What Is BRAT Diet?

What Is BRAT Diet?

The BRAT Diet has long been the standard diet that most people followed after any type of stomach trouble, whether it is an upset stomach, a stomach virus, or food poisoning. BRAT, an acronym for Bananas, Rice, Applesauce, and Toast, has seen changes, but is still great for a stomach on the mend.

The Science Behind BRAT

Doctors used to think that, after a problem with the stomach, a person should eat a very bland diet, to give it time to cooperate. Now, we know that a person also needs more than just the standard BRAT Diet to be healthy. So a few foods have been added, to make it more inclusive and well-rounded.

Should You Follow the BRAT Diet?

That really depends on your ability to hold down and digest different foods, as well as whether or not a doctor has recommended the BRAT Diet. If you are having difficulty eating your standard fare, then the BRAT Diet might be worth a try. Likewise, if your doctor recommends it, give it a go.



Bananas are an easy food to digest, which is why they were included in the original BRAT Diet plan. They're also rich in potassium, something that your body needs to be healthy. They also have magnesium and vitamin c. This is a great way to add these to your diet.



You have to have carbohydrates in order to have a healthy diet, and that includes when you're following the BRAT Diet. Thankfully, there are plenty of carb options on this diet, including rice, which makes up the “R” in “BRAT”. Go white, not brown, for easier digestion.



Like bananas, applesauce is a great way to satisfy a sweet tooth while still eating bland. You should go for the most natural applesauce available. Eating applesauce will not only keep you satisfied, but it will add a large dose of Vitamin C into your diet.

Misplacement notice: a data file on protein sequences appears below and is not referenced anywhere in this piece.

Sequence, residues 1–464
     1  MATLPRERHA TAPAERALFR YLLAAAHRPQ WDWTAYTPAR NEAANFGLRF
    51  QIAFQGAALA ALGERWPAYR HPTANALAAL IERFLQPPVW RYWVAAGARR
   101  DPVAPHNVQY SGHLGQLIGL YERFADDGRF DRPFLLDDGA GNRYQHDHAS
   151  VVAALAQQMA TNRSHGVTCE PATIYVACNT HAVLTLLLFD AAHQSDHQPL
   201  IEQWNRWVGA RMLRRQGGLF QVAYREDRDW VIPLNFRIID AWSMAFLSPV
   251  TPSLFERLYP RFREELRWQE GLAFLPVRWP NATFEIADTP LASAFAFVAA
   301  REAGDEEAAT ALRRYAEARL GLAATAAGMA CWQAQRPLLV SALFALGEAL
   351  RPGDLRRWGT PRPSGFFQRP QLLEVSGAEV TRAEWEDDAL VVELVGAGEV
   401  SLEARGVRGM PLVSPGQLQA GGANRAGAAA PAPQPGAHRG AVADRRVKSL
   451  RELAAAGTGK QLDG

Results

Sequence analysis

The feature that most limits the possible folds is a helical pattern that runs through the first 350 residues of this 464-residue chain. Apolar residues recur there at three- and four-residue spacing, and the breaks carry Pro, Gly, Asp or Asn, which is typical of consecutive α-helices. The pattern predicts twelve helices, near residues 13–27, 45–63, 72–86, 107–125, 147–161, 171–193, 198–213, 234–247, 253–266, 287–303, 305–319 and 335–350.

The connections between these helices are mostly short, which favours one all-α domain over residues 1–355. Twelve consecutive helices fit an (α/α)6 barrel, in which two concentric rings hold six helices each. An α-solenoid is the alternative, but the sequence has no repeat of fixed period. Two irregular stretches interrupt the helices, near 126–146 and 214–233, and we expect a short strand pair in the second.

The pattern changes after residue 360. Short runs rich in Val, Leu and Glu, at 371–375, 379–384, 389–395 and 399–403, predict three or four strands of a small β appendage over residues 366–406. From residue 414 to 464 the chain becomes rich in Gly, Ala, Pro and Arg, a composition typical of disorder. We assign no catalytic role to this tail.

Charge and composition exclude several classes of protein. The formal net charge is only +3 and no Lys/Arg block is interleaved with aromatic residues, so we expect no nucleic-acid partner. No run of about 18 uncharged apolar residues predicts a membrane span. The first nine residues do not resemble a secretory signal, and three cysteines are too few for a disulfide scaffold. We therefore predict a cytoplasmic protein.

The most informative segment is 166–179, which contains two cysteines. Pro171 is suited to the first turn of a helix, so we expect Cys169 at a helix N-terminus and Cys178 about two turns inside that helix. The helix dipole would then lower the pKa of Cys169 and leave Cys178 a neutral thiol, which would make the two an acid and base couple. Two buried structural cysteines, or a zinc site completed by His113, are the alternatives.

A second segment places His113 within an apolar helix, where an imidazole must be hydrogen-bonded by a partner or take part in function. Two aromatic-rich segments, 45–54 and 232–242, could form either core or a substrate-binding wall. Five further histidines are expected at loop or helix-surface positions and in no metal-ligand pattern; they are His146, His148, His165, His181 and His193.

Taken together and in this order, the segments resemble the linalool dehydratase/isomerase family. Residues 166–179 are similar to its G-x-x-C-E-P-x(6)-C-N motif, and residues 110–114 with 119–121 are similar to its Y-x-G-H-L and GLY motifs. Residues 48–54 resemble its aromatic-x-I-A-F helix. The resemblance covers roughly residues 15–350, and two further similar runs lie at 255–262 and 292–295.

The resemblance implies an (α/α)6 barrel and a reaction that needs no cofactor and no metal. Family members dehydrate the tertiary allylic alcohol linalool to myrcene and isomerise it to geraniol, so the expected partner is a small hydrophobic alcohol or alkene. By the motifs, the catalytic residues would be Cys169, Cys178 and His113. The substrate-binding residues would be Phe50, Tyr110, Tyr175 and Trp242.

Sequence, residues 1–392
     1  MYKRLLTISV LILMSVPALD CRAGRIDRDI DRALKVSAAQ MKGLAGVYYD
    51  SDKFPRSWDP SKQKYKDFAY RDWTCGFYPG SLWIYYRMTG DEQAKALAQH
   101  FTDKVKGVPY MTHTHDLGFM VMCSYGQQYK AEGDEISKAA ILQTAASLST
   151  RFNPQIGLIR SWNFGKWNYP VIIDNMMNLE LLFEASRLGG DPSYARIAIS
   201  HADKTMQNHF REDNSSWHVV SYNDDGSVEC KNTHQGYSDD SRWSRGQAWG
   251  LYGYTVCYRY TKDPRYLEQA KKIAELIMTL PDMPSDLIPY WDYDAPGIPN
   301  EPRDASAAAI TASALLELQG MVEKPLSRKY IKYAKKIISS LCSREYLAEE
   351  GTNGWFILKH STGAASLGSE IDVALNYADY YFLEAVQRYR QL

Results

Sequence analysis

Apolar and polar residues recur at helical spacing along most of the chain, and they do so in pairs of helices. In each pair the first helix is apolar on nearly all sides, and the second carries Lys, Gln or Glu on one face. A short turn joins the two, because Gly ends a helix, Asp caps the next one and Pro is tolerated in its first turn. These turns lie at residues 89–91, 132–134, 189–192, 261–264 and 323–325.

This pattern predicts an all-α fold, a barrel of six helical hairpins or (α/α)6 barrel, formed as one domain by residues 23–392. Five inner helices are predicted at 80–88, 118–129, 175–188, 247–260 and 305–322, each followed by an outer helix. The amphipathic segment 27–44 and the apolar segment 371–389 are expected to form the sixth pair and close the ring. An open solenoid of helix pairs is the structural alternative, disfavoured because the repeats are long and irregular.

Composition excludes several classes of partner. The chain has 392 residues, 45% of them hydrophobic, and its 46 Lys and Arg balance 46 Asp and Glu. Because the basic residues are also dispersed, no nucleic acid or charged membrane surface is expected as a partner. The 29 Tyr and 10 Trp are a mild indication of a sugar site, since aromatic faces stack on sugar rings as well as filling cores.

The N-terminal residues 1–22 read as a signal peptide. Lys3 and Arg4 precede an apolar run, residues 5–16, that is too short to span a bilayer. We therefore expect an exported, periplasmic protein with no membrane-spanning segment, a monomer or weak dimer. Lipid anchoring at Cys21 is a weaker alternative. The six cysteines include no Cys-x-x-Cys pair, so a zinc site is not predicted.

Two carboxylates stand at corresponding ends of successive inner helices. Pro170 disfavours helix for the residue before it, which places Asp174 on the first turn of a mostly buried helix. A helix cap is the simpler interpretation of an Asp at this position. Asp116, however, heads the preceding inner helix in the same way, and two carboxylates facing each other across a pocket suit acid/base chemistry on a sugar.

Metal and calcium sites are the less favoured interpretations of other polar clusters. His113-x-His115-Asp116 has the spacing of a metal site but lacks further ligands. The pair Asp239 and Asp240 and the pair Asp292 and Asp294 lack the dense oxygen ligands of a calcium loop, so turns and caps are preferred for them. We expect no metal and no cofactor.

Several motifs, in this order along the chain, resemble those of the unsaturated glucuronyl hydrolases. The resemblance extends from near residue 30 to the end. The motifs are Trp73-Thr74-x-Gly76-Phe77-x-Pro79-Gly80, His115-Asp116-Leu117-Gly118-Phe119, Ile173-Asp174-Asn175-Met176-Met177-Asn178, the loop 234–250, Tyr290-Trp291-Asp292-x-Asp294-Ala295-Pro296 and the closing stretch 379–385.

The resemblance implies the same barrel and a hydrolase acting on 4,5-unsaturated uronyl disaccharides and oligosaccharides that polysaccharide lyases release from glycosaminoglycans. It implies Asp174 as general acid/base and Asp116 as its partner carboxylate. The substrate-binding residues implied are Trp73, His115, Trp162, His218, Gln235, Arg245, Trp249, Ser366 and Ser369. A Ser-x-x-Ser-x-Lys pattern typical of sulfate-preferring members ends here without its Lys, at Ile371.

As with the rice, toast is a perfect way to get some carbohydrates in your diet. The toast that you eat while on the BRAT Diet should be dry, not using butter, jelly, or jam. It's also best to use white bread, as it is easier on your stomach than whole wheat.



A new addition to the BRAT Diet, potatoes are full of nutrients that you need. They have Vitamin C, Potassium, and Vitamin B6. Serve potatoes plain, without butter, salt, pepper, or other toppings. White varieties, as opposed to sweet potatoes, are a better option.



In the same vein as the toast and rice, pasta adds carbohydrates to your diet and fills you up, all without breaking the BRAT Diet eating plan. As with the other carb options, going white instead of whole grain will likely be better. Serve plain, with no toppings or seasonings.



You have to have protein to be healthy. That was a big problem with the original BRAT Diet. Now, you can also have broths. The broths should be clear, such as chicken or similar. It should also be either unseasoned or, in the case of canned broth, as low-sodium as possible.

The BRAT Diet has had some changes, but it still works great when trying to let your stomach heal. No matter why your digestive system is temporarily out of commission, following the BRAT Diet can help get it back into tip-top shape.

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